Should you keep old love letters that were written by someone other than your spouse?
Yesterday’s story about the 99-year old man divorcing his wife of 77 years over an affair in the 1940s does seem like an opportunity for jokes. But considering the (possible) circumstances involved, who are we to judge?
Some have suggested that the man may have wanted to exit his marriage, and discovery of the 60-year old affair gave him the perfect “out.” One could also look at his age and say he’s lost a bit of perspective, and a calmer (younger?) head would have otherwise prevailed.
But apparently, he discovered letters.
What sort of letters might they be? How might that hurt? What does that change?
Let’s hypothesize for a few minutes, shall we?
Perhaps this wronged spouse came across communications from as recently as 10 or 20 years ago, in which his wife was writing about the relationship. Perhaps he laid his hands on actual love letters exchanged between his wife and her extramarital partner, dating to the 1940s – or possibly after.
If she kept letters for more than half a lifetime, does that mean the man remains close to her heart? Can we blame her spouse for being hurt, not to mention surprised?
Old Loves, Accepting a Loved One’s Past
Have you loved one and only one person in your life? And even if you haven’t, if your spouse is older or previously married, isn’t it logical that he or she has loved before?
If you’ve been in love, even as a teenager, have you kept the letters you received, not to mention photographs or little gifts that celebrated your relationship? Don’t many of us hold old flames dear in our memories, whether the romance was fleeting or lasted for years?
Don’t we all have a right to honor our past, including others we may have loved at a younger age or different stage?
Must we destroy all traces of another time, simply because we marry – or for that matter, must we destroy traces from happier times if we divorce?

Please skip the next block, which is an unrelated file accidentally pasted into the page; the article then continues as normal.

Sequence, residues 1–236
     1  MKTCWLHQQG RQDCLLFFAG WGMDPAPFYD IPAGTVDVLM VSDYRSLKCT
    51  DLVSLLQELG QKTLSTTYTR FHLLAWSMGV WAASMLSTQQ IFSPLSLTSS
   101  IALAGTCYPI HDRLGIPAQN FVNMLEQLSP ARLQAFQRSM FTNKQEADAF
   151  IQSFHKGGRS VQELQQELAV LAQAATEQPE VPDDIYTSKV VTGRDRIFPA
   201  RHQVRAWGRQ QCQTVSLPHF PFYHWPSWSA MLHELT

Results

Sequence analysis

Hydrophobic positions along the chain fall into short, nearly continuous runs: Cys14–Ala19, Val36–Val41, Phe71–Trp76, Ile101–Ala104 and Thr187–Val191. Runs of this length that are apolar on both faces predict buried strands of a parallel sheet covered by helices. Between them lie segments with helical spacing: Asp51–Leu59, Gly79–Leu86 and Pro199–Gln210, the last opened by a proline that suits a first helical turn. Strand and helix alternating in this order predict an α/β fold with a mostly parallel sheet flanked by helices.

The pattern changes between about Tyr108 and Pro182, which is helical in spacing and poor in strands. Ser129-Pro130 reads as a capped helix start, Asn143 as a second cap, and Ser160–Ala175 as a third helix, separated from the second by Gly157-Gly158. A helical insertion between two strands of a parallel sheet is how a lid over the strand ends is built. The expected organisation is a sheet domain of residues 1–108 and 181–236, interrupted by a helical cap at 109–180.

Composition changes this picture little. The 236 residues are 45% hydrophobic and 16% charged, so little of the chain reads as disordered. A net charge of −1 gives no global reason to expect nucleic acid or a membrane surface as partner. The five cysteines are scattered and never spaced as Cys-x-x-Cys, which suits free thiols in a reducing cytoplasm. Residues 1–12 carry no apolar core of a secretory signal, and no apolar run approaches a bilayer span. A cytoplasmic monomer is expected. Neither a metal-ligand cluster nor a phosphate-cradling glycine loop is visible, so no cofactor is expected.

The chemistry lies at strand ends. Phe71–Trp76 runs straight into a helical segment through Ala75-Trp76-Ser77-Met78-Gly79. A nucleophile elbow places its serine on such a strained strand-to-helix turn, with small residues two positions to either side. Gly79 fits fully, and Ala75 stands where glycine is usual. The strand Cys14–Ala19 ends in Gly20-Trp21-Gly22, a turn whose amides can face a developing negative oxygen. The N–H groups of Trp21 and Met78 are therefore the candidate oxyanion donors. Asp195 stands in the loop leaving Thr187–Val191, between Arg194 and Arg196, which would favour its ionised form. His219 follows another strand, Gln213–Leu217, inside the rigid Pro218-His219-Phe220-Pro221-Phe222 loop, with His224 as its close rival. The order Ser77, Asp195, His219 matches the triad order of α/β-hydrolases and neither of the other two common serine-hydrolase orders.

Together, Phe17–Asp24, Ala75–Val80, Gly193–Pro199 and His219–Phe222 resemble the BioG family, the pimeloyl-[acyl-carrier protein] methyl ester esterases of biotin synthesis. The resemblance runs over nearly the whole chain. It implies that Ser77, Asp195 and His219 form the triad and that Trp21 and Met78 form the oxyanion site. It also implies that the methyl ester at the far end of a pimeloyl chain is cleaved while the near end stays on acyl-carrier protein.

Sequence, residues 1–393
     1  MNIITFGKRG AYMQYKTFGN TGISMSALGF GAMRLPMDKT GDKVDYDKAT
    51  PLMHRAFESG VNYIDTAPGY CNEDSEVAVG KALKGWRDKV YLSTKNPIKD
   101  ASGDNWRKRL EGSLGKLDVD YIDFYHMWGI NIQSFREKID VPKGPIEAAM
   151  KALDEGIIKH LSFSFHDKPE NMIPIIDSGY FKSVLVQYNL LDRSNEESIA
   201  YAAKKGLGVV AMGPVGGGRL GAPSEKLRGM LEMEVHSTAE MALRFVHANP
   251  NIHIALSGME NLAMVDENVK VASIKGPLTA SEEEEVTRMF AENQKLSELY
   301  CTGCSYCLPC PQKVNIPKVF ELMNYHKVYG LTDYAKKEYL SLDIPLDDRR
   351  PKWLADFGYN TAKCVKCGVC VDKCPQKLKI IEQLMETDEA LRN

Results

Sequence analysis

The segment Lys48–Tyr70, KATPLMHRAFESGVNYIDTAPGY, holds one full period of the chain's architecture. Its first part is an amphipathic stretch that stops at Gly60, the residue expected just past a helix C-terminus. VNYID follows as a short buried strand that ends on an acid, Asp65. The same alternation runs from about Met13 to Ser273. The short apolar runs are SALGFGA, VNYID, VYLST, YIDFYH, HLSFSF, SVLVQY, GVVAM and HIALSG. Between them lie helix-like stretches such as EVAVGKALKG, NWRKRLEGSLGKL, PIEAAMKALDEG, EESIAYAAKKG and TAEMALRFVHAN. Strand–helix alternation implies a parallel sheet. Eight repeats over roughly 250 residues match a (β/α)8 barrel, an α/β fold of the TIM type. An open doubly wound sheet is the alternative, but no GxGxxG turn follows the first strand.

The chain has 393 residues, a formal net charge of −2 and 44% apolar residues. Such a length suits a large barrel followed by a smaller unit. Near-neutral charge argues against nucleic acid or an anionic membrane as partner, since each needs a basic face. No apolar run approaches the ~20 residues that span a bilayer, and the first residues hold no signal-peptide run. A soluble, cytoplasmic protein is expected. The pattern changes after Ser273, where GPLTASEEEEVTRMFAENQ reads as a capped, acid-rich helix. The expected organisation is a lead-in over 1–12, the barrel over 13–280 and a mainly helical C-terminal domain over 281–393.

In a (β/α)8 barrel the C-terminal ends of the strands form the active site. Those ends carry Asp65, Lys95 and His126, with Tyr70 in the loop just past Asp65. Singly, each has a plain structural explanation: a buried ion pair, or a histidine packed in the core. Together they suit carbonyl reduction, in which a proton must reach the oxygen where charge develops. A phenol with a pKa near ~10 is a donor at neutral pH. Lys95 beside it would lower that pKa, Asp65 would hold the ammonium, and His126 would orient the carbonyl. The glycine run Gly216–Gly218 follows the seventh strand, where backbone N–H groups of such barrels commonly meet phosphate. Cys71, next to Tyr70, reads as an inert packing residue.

Love Letters to Treasure
Rare is the man in my life who has penned me a romantic letter. And when it has in fact occurred, I have kept those few precious missives and treasured them. If it was someone I loved and who loved me.
Tucked away in a drawer are just a few letters from two different men. And keep in mind that if you take a walk down the aisle at 30-something (as in my case), it’s likely that you have been in a relationship or two prior to your spouse. And with a marriage dissolved at 40-something, I may not have plunged back into a social life as in my twenties, but do you really think I retreated to the nunnery?
Personally, I believe that “love” is too often a four-letter word – pronounced carelessly, used as an excuse, and in committed romantic relationships, accorded far too much prominence.
In the case of the 99-year old man versus his 96-year old wife, isn’t a lifetime of commitment a demonstration of her fidelity to their union? Hasn’t she more than honored her vows, despite the affair in the 1940s? Do we assume that he hasn’t slipped, himself, in 77 years?
Do You Know Your “Number?”
I don’t believe in telling all or sharing all. Not only is it utterly lacking in mystery, it’s simply unnecessary. And certainly, the older I get the less relevant my “number” is – remember that Sex and the City episode? – and likewise, the less relevant the adventures I may have enjoyed 30 years ago, and while single, I might add.
Somewhere, I’m sure I have a snapshot or two of the gentlemen in question – one man from my thirties and the other from my forties. I have no intention of destroying those mementos, any more than I would share the details of those relationships other than to characterize them as good (and why), how I learned from them and how they ended, and that – if asked.
As for any serious relationship with a gentleman in my age range, naturally I would assume (and ascertain) that he has loved before, that he would have a past life (or several), and that if he’s fortunate, he has good memories and quite possibly letters or picture to mark those times.
His number? I wouldn’t ask.
A different matter entirely.
Old Flames, Sweet Memories
Frankly, until I was searching for some papers recently, I completely forgot I had the old letters that I mention here. They were a delightful find, and reading them years later – in one case some 25 years later, was particularly poignant, as the very special man in question has since passed away.
I’m glad that I kept these letters, and that after marriage, divorce, and many years of midlife dating, I can look back and recall these tender and romantic times in my life.
What about you?
- Do you keep love letters or throw them out?
- Do you believe that once you marry, you must destroy all traces of your previous love life?
- Have you shared your “number” with your partner or spouse, or is it none of their business?
- If you discovered love letters from a partner’s former romantic interest, would you be hurt?
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